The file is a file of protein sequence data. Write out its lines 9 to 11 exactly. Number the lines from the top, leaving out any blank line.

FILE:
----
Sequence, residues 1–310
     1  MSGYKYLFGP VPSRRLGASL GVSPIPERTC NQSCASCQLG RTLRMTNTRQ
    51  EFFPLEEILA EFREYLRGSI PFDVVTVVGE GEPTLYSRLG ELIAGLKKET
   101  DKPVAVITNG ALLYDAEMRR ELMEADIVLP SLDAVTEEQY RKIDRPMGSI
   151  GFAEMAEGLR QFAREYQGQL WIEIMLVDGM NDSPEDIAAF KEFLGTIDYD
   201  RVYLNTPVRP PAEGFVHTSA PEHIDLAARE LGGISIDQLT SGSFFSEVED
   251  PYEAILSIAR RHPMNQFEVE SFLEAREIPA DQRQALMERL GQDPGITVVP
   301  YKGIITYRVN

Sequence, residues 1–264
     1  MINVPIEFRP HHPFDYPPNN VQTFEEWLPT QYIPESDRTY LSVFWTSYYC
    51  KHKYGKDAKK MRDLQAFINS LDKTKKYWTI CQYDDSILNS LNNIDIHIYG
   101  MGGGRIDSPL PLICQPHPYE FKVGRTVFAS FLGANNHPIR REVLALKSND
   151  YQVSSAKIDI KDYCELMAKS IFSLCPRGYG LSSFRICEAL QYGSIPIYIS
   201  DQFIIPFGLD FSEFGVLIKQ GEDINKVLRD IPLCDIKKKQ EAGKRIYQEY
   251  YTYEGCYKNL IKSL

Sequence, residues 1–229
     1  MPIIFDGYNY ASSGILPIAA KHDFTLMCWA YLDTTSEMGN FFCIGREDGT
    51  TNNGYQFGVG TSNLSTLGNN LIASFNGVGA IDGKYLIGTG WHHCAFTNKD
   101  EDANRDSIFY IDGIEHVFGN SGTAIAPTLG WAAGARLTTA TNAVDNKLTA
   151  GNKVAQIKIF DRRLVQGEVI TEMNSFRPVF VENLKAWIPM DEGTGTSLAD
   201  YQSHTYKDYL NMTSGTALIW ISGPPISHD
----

Sequence, residues 1–264
     1  MINVPIEFRP HHPFDYPPNN VQTFEEWLPT QYIPESDRTY LSVFWTSYYC
    51  KHKYGKDAKK MRDLQAFINS LDKTKKYWTI CQYDDSILNS LNNIDIHIYG